• Olive oil

Instructions

Marinating

  • Prepare the dry rub by mincing the garlic and herbs together into a fine paste, then mixing this paste with the salt and pepper. (Or just whiz it all together in a mini-chopper.) Rub this mixture all over the outside of the pork loin. Marinate in an airtight container or bag for at least two hours, or even better overnight in the fridge.
  • When you're ready to cook, remove the roast from the fridge and let it come back to room temperature. Scrap off the rub.

Browning

  • Arm yourself with a flameproof (preferably oval) covered casserole dish that's big enough to hold the roast and accommodate the onions around the edges of the roast in a single layer.
  • Heat the casserole over gentle heat, then pour in enough olive oil to cover the bottom. Add the garlic and rosemary and sauté for a few minutes, just until the garlic is lightly brown and the rosemary is giving off its heady aroma. Remove both.
  • Raise the heat to medium-high (but regulate the heat so the oil is not smoking) and add the pork loin. Sear it on all sides, about 2 minutes per side, turning it over until it's uniformly golden brown. Pour over a splash of dry white wine, then cover.

Roasting

  • Roast the pork until cooked through and tender, but still nice and juicy about 45 minutes per kilo/20-25 minutes per pound. You can do this on your stovetop over a gentle flame or in a moderate (180C/350F) oven.
  • About 30-45 minutes before you figure the roast should be done cooking, add the pearl onions to the casserole, seasoning them well with salt and pepper.
  • Check the roast every 15 minutes or so. Baste the roast with its juices or, if needed, drizzle in a bit of wine or water, just enough to keep things moist. Give the onions a stir and, if you're cooking on the stovetop, turn the roast over as well.
  • If you'd like to brown the roast a bit more, take the cover off the casserole for the last 15 minutes or so, and raise the oven temp to 200C/400F.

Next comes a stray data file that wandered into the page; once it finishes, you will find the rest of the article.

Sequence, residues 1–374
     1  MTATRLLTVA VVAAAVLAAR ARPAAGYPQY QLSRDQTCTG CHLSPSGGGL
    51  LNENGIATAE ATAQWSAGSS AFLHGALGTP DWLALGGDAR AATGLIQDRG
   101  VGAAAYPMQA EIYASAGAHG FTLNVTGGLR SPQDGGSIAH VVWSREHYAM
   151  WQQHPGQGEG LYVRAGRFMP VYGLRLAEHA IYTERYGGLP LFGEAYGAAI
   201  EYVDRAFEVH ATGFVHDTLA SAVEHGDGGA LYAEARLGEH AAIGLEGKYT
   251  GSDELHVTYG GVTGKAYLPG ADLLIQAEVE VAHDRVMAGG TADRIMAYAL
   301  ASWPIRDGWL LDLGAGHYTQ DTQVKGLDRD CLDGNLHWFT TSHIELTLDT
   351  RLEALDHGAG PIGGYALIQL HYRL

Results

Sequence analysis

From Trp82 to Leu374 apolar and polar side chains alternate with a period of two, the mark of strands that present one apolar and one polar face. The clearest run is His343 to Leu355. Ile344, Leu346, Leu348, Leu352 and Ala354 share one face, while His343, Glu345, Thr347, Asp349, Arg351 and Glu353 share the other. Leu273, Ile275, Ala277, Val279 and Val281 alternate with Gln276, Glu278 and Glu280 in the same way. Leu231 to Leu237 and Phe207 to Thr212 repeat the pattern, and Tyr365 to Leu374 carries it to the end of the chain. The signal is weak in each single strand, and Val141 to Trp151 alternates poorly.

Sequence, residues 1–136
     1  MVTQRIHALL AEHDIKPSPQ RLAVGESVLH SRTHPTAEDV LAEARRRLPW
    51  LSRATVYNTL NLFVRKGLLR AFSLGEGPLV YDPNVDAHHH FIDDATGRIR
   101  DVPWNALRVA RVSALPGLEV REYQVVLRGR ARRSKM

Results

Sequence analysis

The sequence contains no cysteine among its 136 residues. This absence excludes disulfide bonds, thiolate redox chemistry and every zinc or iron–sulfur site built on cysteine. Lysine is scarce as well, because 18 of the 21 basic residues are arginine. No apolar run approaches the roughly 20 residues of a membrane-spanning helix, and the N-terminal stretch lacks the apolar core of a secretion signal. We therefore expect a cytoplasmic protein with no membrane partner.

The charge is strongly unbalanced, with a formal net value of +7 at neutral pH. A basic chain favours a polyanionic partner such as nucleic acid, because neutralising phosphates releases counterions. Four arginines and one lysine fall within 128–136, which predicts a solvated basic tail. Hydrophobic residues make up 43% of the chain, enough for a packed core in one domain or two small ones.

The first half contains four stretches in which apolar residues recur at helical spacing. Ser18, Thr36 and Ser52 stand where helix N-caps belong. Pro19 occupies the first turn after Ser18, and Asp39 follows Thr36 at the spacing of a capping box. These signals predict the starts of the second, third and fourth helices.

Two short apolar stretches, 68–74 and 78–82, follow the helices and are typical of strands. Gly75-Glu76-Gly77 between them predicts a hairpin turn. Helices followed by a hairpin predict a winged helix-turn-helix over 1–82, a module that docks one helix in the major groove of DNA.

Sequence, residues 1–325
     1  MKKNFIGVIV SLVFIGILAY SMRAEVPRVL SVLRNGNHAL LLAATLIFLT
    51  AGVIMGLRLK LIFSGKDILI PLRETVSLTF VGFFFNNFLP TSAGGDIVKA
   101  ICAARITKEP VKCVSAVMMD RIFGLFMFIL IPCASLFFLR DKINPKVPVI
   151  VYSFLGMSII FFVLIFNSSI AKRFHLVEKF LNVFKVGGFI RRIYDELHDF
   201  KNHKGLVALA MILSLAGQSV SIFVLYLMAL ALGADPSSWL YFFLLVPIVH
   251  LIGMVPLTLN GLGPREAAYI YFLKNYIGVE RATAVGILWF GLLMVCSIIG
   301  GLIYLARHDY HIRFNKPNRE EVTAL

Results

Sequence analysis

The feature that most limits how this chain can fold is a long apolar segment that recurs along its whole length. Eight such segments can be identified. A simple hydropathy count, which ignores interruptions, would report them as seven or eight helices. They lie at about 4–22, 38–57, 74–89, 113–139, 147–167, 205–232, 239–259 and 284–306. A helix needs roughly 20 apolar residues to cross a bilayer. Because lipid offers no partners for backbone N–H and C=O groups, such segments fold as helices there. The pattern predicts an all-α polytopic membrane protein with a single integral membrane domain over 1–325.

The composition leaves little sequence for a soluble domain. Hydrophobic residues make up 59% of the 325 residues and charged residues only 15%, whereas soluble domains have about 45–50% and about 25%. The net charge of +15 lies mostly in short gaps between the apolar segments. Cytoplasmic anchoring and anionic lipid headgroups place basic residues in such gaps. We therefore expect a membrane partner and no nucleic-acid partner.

Serving

  • Remove the roast and let rest on a cutting board at least 5 minutes or as long as 15. Carve it into slices and lay them out on a platter with the onions around them. Pour the cooking juices over the slices and serve.

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27 Comments on “Arrosto di maiale con cipolline (Roast Pork with Pearl Onions)”

  1. What a lovely, aromatic dish, perfect to sooth the winter blues. I used to make Martha Stewart’s Mother’s Roast Pork dish that was packed with garlic and marjoram. Not sure why I stopped making it because it was definitely a favourite. I’ll have to try your version. Wishing you and yours a happy and healthy new year, Frank.

  2. I had no idea about the connection between roasted pork and Saturnalia! I thought Saturnalia was just wine. 🙂 This sounds like an absolutely delicious recipe…and perfect for the colder winter nights that are ahead of us. Happy New Year to you and your family, my friend! P.S. You are totally right about pearl onions. Peeling those things is tedious at best!

  3. We usually have pork for New Year’s and this sounds like a delicious way to start the new year. Merry Christmas Frank.

    1. Thanks so much, Barb. So glad you like it. And hope you also had a lovely Christmas. And a Happy New Year to you and yours.

  4. This is just beautiful, Frank. The meat looks perfectly cooked and succulent — not easy to do with a pork loin. I completely agree — pork loins these days have been over-trimmed so no fat remains for cooking. Yet, your method works so well despite that. Bravo. E Buon Natale a tutti!

  5. Buon Natale, Frank! Would it be sacrilege to swap out the onions with potatoes? We have an onion aversion in the household, it would be difficult to hide them with this recipe. Thanks for my weekly dose of Italy!

  6. Another classic! I’ve got some pork in the freezer, so this will make a delicious New Year’s Eve supper.
    Merry Christmas Frank.

  7. we don’t eat pork but the flavourings sound good. and i love those cute pearl onions. Merry Christmas Frank to you and yours.

  8. Frank I would love to serve this up on Christmas Day as an alternative to our Christmas Day Turkey. But I think there would be a family riot! Still I think this would go down really well any other time. It looks absolutely delicious. Hope you have a good Christmas!

  9. Such a simple combination as yet never attempted in this kitchen . . . hot summer days notwithstanding that has to be corrected soonest! Am sending some of our warm winds up your way with tons of thanks and bestest of wishes for the festive season . . . blessings . . .

  10. Frank we have tried many recipes, they all looked so tasty. Thank you for keeping our mouths so watery. BUON NATALE! Nick